On one hand, this law established that the state can only pay for projects that are already functioning, which makes the contractors work fast in order to get paid as soon as possible.

And secondly, the amount of money paid goes accordingly to the quality of the work done. So if the contractors finish a project fast but with problems in it, the payment is reduced.

In order to be fair, we worked on removing all the obstacles that made the companies work slowly. First, we worked with the judges in order to make the lands available earlier after the expropriations.

Second, the responsibility for the public services was made clear, defining who is in charge of, for example, modifying the pipes or the electrical network when needed.

Third, there were also changes made to the environmental regulations and procedures, and right now, no ANI projects have been delayed because of this.

And finally, a presidential decree established a new procedure for consulting the communities that have a special kind of recognition, like Native American or of African descent.

According to this new regulation, if a certain process doesn’t reach an agreement in six months, as usually happens, then the national authority that regulates the environmental licenses will decide which compensation is given to that community, and the project will be carried on.

We have made significant investments in preparing and structuring the projects.

In our latest ones, we have invested in doing preliminary research for the projects to be well defined and ensure there are no unpleasant surprises when the time comes to start working on them.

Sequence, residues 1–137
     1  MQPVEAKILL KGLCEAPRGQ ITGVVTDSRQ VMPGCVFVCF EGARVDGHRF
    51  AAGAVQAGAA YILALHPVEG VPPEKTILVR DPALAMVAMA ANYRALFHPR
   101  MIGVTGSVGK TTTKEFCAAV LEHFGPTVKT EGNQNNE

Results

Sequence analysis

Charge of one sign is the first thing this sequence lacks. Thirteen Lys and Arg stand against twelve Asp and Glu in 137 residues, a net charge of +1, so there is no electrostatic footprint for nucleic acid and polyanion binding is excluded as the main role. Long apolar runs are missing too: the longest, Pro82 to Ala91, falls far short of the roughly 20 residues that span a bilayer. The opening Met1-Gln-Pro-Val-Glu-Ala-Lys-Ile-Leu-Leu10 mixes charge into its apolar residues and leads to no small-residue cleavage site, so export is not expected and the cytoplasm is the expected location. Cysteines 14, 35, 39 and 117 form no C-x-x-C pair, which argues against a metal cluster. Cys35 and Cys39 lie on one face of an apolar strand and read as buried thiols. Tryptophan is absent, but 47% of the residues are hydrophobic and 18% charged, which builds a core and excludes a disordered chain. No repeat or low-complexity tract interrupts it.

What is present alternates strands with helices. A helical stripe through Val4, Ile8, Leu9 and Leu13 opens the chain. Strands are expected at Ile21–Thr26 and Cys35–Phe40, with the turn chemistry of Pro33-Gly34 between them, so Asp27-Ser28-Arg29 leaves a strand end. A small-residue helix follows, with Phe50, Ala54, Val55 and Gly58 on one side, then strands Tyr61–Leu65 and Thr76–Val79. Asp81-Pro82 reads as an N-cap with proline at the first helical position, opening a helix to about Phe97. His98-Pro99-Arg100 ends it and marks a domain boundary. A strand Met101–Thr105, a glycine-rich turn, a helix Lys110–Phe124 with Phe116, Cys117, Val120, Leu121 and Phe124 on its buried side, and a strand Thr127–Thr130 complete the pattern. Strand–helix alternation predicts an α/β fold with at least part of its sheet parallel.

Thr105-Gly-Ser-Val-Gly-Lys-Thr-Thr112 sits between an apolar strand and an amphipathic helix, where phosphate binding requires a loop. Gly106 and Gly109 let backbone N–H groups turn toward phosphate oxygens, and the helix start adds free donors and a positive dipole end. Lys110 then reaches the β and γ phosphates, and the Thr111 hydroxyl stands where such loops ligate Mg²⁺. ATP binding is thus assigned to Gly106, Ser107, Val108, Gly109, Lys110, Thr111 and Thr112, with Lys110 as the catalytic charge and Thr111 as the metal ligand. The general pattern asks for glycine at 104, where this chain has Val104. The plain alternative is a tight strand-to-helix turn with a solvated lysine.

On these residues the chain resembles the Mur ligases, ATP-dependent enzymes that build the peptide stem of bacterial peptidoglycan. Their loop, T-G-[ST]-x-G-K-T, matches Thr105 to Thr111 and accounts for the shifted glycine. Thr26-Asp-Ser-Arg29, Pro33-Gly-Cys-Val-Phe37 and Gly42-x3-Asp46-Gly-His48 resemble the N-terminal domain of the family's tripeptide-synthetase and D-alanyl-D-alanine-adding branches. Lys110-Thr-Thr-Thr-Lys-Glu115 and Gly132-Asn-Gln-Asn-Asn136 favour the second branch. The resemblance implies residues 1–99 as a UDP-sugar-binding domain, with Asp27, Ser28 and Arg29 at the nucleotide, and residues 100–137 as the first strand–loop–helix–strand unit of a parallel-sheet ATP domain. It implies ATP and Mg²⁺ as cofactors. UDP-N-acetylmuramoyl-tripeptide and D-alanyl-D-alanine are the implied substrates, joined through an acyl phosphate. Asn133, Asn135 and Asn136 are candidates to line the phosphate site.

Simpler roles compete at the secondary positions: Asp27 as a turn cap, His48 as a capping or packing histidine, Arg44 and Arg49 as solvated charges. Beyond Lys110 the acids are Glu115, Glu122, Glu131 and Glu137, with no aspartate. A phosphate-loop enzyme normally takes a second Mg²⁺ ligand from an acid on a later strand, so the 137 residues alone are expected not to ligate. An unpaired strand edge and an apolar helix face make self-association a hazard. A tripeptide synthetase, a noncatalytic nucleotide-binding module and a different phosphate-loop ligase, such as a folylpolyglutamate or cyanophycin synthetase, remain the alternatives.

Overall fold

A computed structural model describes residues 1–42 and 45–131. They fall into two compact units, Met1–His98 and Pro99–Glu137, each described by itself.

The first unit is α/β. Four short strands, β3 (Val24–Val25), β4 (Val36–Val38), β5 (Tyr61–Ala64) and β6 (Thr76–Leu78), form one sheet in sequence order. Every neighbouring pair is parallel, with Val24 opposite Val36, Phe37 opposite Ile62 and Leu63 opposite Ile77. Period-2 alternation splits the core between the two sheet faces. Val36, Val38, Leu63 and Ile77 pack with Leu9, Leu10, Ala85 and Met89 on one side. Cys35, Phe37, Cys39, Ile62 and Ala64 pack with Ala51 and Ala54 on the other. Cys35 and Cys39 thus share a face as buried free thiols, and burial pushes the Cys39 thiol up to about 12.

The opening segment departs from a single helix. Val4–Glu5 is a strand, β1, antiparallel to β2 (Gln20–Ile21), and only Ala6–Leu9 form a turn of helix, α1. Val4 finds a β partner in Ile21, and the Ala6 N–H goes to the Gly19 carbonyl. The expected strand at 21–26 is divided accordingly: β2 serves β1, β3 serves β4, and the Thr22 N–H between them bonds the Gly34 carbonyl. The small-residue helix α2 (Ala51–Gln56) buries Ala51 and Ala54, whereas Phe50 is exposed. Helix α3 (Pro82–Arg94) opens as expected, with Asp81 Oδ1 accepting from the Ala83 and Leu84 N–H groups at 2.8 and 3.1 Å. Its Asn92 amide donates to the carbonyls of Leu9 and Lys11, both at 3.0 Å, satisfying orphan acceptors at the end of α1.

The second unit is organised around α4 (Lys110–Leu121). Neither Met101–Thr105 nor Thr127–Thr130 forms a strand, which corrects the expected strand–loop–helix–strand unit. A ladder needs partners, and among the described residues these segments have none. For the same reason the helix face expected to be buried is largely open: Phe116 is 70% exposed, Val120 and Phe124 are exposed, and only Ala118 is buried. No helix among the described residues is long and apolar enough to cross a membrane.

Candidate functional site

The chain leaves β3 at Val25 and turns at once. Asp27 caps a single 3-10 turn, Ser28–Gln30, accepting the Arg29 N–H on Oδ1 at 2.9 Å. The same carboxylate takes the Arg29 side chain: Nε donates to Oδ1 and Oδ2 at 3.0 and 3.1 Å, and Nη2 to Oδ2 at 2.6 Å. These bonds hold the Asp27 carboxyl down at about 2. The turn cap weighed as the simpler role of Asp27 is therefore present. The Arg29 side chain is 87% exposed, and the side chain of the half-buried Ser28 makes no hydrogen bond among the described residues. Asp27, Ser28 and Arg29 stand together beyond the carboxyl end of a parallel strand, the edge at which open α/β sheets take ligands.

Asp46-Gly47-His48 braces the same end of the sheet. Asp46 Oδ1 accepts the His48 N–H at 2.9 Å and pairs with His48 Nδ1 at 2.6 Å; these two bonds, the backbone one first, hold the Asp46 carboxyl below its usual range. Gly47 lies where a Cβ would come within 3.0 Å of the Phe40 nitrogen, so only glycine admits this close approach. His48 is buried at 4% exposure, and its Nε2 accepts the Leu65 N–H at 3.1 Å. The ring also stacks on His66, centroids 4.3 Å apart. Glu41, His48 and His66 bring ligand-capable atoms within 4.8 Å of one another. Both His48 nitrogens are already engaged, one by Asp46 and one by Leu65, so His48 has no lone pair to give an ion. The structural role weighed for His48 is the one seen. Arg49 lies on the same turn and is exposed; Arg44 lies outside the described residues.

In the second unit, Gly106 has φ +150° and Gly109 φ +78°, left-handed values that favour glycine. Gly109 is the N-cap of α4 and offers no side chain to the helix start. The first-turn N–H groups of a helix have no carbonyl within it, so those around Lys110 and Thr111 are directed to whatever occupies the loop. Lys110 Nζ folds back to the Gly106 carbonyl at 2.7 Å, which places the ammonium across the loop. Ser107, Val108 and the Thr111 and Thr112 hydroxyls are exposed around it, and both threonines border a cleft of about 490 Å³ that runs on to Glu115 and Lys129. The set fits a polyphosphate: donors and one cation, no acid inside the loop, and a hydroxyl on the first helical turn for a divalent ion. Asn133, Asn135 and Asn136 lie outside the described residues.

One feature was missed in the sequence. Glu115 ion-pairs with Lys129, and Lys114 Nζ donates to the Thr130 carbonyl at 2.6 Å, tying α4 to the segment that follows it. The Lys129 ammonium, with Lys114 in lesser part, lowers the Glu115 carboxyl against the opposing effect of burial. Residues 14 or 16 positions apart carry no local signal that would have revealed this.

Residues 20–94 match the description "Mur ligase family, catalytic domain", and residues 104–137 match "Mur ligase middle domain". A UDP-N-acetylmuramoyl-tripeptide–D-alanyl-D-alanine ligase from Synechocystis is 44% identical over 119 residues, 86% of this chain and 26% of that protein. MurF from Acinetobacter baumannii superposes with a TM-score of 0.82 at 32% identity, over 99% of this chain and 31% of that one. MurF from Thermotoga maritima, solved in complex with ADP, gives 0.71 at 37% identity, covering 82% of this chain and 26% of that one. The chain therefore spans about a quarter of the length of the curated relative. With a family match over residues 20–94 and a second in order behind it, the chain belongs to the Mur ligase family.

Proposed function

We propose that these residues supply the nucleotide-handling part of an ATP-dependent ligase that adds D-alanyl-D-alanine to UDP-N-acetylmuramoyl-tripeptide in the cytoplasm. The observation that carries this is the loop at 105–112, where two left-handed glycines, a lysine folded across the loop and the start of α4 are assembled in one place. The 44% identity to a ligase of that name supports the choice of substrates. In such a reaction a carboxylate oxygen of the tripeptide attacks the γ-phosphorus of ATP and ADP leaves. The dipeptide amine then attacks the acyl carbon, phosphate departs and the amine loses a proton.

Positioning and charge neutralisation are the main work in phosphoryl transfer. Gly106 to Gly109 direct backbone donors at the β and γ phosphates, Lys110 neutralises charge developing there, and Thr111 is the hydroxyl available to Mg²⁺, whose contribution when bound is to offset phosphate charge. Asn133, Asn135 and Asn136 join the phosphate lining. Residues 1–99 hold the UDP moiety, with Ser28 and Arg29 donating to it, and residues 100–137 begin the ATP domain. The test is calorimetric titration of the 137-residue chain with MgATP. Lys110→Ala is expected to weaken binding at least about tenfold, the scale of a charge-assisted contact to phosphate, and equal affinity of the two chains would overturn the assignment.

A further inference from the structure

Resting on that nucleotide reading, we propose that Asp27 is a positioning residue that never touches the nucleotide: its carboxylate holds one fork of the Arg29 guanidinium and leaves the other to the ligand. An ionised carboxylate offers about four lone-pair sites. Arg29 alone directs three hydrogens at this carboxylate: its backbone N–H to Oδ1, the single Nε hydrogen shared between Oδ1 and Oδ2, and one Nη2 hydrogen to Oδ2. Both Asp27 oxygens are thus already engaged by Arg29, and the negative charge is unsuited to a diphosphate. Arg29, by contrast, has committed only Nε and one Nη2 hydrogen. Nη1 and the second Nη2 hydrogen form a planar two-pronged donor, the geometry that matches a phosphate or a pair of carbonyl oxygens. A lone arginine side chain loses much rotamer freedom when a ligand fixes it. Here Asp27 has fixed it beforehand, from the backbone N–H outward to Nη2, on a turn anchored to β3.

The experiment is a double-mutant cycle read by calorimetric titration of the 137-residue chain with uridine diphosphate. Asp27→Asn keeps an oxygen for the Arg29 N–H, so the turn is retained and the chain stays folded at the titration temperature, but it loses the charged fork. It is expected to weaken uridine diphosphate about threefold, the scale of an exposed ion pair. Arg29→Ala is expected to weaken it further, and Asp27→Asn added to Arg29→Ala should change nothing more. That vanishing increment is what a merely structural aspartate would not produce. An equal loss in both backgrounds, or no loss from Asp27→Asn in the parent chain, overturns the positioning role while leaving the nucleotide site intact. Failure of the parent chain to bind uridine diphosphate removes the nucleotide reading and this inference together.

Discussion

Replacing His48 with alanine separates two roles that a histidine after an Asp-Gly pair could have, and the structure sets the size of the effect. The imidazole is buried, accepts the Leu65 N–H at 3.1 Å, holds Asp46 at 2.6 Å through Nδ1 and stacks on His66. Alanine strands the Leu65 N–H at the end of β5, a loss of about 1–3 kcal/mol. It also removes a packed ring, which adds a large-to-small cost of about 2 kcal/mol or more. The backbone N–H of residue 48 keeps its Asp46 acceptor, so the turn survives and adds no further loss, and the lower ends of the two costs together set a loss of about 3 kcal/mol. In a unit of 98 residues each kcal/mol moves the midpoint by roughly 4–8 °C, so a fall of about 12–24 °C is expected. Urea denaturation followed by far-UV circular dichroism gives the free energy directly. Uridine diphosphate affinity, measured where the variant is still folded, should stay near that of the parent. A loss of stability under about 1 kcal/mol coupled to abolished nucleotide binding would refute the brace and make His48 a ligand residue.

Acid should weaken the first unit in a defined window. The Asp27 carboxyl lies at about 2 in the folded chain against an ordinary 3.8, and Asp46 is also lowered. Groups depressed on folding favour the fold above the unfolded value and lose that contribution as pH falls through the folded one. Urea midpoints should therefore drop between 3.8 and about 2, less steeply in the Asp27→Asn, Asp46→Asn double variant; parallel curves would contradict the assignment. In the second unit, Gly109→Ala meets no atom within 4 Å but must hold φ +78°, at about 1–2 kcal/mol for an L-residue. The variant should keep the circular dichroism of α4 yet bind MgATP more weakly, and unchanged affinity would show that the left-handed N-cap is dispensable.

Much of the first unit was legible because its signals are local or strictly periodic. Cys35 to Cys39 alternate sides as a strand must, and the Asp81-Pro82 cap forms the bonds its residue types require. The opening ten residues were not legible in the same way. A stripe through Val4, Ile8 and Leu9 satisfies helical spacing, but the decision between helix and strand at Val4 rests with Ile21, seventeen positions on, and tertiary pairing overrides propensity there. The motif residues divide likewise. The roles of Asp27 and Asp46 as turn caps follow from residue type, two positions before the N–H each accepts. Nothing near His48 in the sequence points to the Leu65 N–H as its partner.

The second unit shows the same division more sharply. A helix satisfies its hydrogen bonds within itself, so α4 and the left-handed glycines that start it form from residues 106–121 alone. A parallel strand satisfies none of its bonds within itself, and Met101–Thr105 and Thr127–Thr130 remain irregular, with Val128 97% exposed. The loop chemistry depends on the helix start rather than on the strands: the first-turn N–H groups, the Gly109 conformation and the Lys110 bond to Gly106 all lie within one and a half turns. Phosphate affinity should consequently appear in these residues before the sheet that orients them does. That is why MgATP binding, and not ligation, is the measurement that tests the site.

We believe these are all very good incentives.

In the closing ceremony of the National Infrastructure Congress, President Santos highlighted that this is a historical moment for the infrastructure sector in Colombia. The country is carrying out the most ambitious infrastructure projects in its entire history. As Carlos Raúl Yepes from Bancolombia said, this will affect and transform the economy and the financial sector of Colombia. What are the main challenges concerning the financial aspects of these projects?

Our current financial needs are too big compared to the size of our domestic banking sector. Our banks give loans to businesses for around 200 billion pesos, and will need 40 billion only for roads.

We understand that they can’t hold such large exposure and they need to diversify their portfolios.

Because of this we included different mechanisms for investment, such as pension funds, loans from the IDB, and also foreign capital.